18 Aug Film Fund-amentals: Marching to a Different Drummer
Back in 1993, the Ethiopian filmmaker Haile Gerima directed the movie Sankofa. It was an incredibly unflinching look at the conditions of slavery at a pre-Civil War plantation, which also means that it was widely considered unreleasable. Since no distributor would touch it, Gerima took the four-wall route and proceeded to travel through the major urban markets, renting theaters and presenting the movie himself (often in collaboration with various African-American organizations in the various cities he toured).
It basically worked for Gerima. The production budget on the movie was $1 million, and the tour made a little over $2.69 million. Due to the very overt racial nature of the film, the business side of the Sankofa tour was vastly under-reported at the time (I know, because I was one of the few white reporters covering it). The modest success of the tour was a tribute to both Gerima’s organizational skills and his strong sense of determination.
But don’t do this at home! Four-walling is an incredibly bizarre – and often bitter-tasting – bird. Sure, the process of going to a town, renting a theater outright for a night or a week, and collecting everything up front, sounds pretty simple. Sort of. The same could be said of sticking your head into a door frame and slamming the door repeatedly. And in most cases, the results feel about the same. In the case of Sankofa, it probably didn’t really break even once all the bills were tallied from the effort of coast-to-coast promotion.
I am bringing this up because four-walling is back, but in various new ways. As noted in a recent New York Times article by Michael Cieply (dated August 13), the movie The Age of Stupid will play in September for one night on 400 screens across the country in a presentation being paid for by the filmmakers themselves. Likewise, the rock documentary Anvil! The Story of Anvil has been slowly moving through theaters on a “pay-as-they-go” basis.
Though it is not exactly a return to the legendary Sunn Classics model of the 1970s, the new process bears some resemblance. The old Sunn Classics business model was based on massive market research into the economic and sociological structures of typical, medium-sized towns. Part of the research was to determine what might pique the local yokels’ interest more: UFOs or Noah’s Ark. This was followed by the quick production of such movies as In Search of Noah’s Ark (and I do mean quick, since the films often looked as if they had been shot with a Brownie Super 8mm). Then the company spent the summer rolling like a medicine show through every medium-size town with a theater through out the Midwest and Deep South, renting the theater for a week and blitzing the airwaves.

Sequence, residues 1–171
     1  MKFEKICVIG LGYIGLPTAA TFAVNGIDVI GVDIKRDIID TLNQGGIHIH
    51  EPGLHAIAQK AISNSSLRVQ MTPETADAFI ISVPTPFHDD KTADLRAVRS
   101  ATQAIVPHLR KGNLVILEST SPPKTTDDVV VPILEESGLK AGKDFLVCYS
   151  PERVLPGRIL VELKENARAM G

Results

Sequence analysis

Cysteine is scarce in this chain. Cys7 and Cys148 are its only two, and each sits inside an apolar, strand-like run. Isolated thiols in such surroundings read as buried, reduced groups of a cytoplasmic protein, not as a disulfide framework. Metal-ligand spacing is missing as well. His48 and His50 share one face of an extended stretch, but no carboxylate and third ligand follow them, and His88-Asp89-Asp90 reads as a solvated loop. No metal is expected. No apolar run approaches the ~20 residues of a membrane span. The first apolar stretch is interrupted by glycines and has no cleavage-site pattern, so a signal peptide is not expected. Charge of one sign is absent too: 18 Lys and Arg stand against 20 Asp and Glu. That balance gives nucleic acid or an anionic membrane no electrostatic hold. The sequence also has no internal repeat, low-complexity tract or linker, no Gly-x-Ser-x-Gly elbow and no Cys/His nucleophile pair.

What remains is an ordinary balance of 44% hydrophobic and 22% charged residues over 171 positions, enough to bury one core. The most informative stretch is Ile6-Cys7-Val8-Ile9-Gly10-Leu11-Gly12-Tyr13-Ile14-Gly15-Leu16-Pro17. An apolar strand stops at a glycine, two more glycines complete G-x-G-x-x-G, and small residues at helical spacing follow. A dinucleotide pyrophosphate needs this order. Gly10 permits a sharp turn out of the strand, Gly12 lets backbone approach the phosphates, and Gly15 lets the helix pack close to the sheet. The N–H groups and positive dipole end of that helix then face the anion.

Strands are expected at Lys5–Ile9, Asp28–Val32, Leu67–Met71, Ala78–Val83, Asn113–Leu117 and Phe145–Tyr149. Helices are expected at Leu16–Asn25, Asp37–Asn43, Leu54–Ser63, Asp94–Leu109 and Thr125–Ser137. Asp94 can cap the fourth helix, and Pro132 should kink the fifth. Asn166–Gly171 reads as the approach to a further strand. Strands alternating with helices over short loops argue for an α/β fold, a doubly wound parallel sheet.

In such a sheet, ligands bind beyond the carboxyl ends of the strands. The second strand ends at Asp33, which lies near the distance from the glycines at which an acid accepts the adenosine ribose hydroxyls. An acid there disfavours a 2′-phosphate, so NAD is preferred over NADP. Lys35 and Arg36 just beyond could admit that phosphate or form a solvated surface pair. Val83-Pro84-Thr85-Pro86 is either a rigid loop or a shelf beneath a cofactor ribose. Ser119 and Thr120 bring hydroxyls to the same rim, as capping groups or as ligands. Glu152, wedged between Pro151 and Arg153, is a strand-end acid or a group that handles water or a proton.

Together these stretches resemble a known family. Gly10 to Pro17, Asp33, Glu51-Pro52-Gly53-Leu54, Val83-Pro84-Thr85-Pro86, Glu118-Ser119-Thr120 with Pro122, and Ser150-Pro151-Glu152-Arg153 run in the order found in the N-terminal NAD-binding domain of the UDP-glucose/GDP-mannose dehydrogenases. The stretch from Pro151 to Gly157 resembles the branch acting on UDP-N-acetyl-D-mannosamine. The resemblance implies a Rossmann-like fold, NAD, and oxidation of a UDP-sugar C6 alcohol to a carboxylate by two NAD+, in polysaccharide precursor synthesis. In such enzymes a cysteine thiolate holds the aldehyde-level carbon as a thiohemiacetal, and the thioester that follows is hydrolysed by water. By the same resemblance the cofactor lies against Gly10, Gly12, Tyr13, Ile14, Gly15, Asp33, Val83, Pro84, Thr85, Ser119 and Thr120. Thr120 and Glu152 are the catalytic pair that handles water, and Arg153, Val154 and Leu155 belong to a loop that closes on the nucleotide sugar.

The system actually worked for them. According to some, Orson Welles (who picked up lunch money narrating some of these suckers) took a major interest in the Sunn Classics business model. Sunn Classics was not making big money, but they were making money. Or at least they were until all the small town theaters went under and became video stores (most of which have also gone under).
The modern approach has taken a somewhat different path. The Canadian metal-rock band that is the subject of Anvil! (curiously enough, the band is named Anvil) has shown up at selected theaters and performed. The Age of Stupid will do its screening along with a video performance by Radiohead’s Thom Yorke. In each case, the musicians become the rough equivalent of carny barkers luring in an audience. Four-walling is still a type of medicine show, and the bands are the modern shills.
But the real focus for the new age of four-wall screening is the way it is now being used as an ad for the DVD release. The Age of Stupid is already available in Europe as a down-loadable release, while Anvil! is coming out in a coordinated release through DVDs and showings on VH1. In each case, the real business is coming from these directions, not from the screenings.
How well this can work remains to be seen. To be honest, most independent filmmakers would have problems getting even this much of a presentation pulled together. Few indie movies are going to inspire a rock performer to show up, let alone play. But with a dying theater system (the death throes are currently most noticeable with independent movies, but they are in a state of decay even at the mainstream level) and distributors increasingly monopolized by the major companies and their exclusive pursuit of teenage boy viewers, something somewhere has to give way to another approach.
Four-walling alone is not the approach. Combined with a major marketing plan rooted in a variety of alternative systems… Maybe. A very strong maybe.
Boxoffice.com quotes Dennis Toth on Mad Men star John Hamm’s chances for a successful transition to the big screen. Read the article by Christian Toto, John Hamm’s Transition.